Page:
Búsqueda Imágenes Maps Play YouTube Noticias Gmail Drive Más »
Iniciar sesión
Usuarios de lectores de pantalla: deben hacer clic en este enlace para utilizar el modo de accesibilidad. Este modo tiene las mismas funciones esenciales pero funciona mejor con el lector.

Patentes

  1. Búsqueda avanzada de patentes
Número de publicaciónUS6667049 B2
Tipo de publicaciónConcesión
Número de solicitudUS 09/819,214
Fecha de publicación23 Dic 2003
Fecha de presentación28 Mar 2001
Fecha de prioridad14 Jun 1999
TarifaCaducada
También publicado comoUS20010016353
Número de publicación09819214, 819214, US 6667049 B2, US 6667049B2, US-B2-6667049, US6667049 B2, US6667049B2
InventoresVictor F. Janas, Kevor Shane TenHuisen
Cesionario originalEthicon, Inc.
Exportar citaBiBTeX, EndNote, RefMan
Enlaces externos: USPTO, Cesión de USPTO, Espacenet
Relic process for producing bioresorbable ceramic tissue scaffolds
US 6667049 B2
Resumen
A relic process is used to produce bioresorbable ceramic scaffolds that can be used for in vitro or in vivo growth of human or animal tissue such as bone or cartilage. The process involves impregnating an organic fabric template with metal and phosphate ceramic precursors, heat treating the impregnated fabric to decompose the fabric to form a ceramic green body, and sintering the ceramic green body to form the scaffold which has a form analogous to that of the fabric template. Impregnating the fabric may be by soaking the fabric in a solution or sol containing the ceramic precursors. The fabric may be formed into a laminate prior to heat treating. Sintering results in fibers of the fabric being cross-sintered with one another to form a three-dimensional scaffold structure having controlled pore size and distribution. The scaffold may be treated with a material that promotes bone growth through the scaffold.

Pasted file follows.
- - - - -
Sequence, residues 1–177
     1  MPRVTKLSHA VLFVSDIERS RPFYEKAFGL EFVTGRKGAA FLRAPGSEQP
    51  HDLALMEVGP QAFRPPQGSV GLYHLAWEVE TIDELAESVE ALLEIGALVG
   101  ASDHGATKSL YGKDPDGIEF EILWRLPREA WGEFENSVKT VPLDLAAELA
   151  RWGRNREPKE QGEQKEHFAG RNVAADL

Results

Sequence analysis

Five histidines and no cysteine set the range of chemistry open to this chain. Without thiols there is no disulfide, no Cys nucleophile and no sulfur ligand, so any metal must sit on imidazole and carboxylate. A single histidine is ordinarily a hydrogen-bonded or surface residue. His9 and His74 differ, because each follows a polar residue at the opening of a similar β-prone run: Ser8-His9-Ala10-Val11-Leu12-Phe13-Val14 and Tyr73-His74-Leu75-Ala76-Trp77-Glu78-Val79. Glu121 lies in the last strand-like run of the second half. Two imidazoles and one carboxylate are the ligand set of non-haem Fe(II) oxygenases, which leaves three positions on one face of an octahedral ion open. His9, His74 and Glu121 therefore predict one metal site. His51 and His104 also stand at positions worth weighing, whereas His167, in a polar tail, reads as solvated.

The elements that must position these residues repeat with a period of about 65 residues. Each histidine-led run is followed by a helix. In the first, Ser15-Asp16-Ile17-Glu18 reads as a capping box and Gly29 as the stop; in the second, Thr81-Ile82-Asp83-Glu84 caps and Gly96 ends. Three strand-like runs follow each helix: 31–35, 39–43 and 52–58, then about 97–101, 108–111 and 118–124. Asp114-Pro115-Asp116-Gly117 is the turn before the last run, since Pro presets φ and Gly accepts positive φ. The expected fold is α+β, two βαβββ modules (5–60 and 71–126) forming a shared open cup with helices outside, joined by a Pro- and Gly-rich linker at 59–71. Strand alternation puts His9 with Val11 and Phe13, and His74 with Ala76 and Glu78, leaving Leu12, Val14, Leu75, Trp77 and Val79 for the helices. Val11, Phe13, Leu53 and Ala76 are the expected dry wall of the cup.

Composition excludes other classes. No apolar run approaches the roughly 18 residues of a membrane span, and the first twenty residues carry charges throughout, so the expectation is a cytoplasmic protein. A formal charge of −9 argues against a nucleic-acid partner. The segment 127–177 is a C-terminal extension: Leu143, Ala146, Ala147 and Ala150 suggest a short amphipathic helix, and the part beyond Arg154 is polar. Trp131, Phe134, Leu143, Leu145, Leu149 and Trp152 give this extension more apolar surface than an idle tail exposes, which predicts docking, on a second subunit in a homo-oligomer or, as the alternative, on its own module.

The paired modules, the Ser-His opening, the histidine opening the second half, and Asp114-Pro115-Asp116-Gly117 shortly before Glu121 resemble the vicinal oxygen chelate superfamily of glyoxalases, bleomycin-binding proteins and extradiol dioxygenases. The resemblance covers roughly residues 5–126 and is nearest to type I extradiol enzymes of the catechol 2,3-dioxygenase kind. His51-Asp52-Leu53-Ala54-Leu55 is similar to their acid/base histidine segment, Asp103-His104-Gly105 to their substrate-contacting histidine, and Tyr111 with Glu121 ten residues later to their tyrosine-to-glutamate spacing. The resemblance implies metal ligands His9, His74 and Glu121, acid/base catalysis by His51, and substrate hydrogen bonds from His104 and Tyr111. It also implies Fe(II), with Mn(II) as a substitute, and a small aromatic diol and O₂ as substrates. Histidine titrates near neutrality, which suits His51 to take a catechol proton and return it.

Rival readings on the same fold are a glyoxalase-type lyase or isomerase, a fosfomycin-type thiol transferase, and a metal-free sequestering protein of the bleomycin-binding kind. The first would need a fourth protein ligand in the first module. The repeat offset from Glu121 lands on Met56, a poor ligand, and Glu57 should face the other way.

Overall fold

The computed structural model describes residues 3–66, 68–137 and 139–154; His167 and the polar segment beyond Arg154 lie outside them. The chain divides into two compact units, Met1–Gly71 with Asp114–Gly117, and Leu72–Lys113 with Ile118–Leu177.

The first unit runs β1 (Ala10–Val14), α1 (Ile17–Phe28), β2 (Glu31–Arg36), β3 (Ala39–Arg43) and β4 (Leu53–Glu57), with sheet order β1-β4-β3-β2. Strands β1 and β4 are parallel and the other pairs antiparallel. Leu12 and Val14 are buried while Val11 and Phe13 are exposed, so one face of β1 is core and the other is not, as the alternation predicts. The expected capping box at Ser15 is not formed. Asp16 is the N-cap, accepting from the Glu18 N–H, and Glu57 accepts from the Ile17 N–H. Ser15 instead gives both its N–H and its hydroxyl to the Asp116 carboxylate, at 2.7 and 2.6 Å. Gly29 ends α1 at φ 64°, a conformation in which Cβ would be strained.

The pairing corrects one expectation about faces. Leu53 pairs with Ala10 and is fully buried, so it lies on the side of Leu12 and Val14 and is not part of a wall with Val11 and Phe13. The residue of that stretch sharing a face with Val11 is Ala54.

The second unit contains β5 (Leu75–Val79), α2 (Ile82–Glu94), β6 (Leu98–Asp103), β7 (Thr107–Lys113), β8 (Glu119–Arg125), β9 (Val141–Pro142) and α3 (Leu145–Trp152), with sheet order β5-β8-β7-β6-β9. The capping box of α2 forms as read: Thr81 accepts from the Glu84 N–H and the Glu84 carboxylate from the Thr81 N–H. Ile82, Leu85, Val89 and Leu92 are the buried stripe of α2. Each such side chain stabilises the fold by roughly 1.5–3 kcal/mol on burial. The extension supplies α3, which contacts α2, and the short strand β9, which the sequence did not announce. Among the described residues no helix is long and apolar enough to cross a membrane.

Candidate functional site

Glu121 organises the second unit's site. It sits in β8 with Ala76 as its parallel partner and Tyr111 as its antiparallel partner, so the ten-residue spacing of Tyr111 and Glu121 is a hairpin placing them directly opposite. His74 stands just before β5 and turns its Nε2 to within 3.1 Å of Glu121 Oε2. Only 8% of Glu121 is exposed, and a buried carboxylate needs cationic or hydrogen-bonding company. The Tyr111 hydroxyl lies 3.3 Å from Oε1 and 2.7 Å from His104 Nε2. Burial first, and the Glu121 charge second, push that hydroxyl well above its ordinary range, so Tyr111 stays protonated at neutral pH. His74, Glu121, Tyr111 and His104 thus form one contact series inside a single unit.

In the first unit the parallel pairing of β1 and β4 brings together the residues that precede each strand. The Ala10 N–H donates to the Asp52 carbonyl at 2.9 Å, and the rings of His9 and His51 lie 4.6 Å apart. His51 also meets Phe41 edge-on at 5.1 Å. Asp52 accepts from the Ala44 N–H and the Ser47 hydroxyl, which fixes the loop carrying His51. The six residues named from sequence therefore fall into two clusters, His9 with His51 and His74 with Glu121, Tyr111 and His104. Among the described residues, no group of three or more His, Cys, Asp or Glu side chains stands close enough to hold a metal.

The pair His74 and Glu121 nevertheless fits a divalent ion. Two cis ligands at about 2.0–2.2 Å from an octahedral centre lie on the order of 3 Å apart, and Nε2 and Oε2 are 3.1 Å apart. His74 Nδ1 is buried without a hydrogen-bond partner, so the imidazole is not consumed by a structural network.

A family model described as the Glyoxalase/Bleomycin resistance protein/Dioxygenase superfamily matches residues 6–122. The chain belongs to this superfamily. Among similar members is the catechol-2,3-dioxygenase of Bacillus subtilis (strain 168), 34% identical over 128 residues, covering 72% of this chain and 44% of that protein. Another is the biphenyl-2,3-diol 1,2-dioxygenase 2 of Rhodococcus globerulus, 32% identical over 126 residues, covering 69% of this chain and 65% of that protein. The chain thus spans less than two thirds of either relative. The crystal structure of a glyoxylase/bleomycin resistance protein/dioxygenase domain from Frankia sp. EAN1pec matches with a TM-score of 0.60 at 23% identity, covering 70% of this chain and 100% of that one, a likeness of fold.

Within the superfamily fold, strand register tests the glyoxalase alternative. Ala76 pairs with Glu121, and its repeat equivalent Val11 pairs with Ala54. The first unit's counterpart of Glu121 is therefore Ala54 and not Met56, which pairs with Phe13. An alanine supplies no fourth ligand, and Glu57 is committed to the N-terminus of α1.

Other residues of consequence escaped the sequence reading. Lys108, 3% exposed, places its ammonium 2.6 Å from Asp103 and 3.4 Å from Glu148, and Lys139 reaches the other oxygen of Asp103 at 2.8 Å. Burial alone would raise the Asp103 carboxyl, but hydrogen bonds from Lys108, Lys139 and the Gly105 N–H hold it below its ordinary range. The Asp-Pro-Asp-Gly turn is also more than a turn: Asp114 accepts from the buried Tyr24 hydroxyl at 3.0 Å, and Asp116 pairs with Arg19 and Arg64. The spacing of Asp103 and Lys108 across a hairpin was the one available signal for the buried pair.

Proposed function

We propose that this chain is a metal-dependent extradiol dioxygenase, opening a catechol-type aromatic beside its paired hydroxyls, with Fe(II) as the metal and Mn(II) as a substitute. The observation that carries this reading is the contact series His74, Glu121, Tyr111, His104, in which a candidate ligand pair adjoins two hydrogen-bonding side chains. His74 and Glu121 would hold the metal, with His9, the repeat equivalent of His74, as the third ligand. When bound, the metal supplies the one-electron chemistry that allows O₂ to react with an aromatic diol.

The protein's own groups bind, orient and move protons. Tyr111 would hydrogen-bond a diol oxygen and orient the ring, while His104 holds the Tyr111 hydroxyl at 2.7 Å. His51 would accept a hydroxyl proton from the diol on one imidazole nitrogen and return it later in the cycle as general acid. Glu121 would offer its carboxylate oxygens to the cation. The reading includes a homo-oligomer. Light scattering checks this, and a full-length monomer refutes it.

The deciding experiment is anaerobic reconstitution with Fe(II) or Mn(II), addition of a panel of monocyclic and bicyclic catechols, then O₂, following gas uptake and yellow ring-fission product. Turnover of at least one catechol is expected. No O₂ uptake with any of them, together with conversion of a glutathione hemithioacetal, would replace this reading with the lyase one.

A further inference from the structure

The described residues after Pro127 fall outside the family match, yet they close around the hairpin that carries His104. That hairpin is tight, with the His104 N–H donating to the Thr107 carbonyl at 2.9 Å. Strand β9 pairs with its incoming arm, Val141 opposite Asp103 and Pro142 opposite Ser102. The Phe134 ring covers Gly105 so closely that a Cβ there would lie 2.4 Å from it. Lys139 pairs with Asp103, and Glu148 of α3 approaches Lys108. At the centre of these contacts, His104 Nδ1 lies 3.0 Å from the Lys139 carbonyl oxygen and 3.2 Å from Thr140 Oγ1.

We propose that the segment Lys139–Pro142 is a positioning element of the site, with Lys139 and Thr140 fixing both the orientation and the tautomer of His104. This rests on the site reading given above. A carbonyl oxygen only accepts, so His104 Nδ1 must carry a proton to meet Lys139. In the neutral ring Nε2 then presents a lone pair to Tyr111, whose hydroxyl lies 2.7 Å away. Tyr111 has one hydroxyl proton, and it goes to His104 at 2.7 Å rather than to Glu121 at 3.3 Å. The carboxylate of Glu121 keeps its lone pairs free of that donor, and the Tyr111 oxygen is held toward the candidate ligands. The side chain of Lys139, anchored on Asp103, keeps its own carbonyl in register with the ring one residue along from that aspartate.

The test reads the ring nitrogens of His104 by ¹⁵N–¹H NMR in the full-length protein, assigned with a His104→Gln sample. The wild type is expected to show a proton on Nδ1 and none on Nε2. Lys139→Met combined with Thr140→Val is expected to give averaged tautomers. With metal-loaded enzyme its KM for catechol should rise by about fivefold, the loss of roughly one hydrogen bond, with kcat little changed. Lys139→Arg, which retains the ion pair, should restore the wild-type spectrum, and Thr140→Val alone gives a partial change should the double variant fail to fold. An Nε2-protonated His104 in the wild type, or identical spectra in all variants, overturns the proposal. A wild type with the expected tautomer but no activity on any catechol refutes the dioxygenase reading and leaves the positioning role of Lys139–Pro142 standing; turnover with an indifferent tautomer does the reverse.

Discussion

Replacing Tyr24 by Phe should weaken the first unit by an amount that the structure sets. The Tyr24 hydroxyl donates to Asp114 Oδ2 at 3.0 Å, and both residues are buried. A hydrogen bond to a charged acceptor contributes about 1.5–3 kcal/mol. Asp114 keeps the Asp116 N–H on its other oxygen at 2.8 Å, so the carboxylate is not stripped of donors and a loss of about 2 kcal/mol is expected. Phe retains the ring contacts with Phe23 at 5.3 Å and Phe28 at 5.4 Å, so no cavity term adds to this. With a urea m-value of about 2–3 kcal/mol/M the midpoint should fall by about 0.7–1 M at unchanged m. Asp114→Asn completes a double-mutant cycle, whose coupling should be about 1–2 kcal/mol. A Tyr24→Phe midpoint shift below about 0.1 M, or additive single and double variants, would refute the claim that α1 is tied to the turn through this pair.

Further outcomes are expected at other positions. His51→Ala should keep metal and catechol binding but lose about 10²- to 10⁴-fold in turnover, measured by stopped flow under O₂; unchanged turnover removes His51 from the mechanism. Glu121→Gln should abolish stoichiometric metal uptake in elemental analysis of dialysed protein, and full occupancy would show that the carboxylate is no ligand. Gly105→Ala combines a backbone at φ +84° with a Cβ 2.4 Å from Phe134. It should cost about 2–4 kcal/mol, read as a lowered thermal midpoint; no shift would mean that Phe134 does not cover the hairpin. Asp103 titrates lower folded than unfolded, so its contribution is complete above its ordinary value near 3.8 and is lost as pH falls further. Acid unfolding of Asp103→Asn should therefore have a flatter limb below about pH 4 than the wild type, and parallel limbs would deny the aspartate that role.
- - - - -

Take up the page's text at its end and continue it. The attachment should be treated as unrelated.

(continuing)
Imágenes(2)
Previous page
Next page
Reclamaciones(8)
We claim:
1. A process for making biocompatible, bioresorbable ceramic implant device comprising a resorbable hard tissue scaffold, comprising:
a) impregnating an organic fabric with at least one metal ceramic precursor and at least one phosphate ceramic precursor,
b) heat treating the organic fabric to oxidize the fabric and form a biocompatible, bioresorbable ceramic green body, and
c) sintering the biocompatible, bioresorbable ceramic green body, thereby forming said resorbable hard tissue scaffold.
2. The process of claim 1 wherein the organic fabric is impregnated by soaking the organic fabric in a solution or sol containing the at least one metal ceramic precursor and at least one phosphate ceramic precursor.
3. The process of claim 1 wherein prior to heat treating, the organic fabric is formed into a laminate.
4. The process of claim 1 wherein the fabric is formed by a textile operation selected from the group consisting of weaving, braiding, knitting and combinations thereof.
5. The process of claim 1 wherein the phosphate ceramic precursor is selected from the group consisting of triethyl phosphate, triethylphosphite, alkoxides of phosphorus, phenyl dichlorophosphine, phenyl dichlorophosphate, H3PO4, H3PO4 hydrates, H3PO3, P2O5, H4P2O7, and combinations thereof.
6. The process of claim 1 wherein the metal ceramic precursor is selected from the group consisting of calcium nitrates, calcium acetates, calcium nitrites, sugar complexes of calcium, organic salts of calcium, calcium alkoxides and combinations thereof.
7. The process of claim 6 wherein the calcium alkoxide is Ca(OR3)2 wherein R3 is an alkyl group.
8. The process of claim 1 wherein after the resorbable hard tissue scaffold is formed, the resorbable hard tissue scaffold is treated with a material that promotes bone growth through the scaffold.
Descripción

This application is a divisional of pending U.S. Ser. No. 09/333,231, filed Jun. 14, 1999.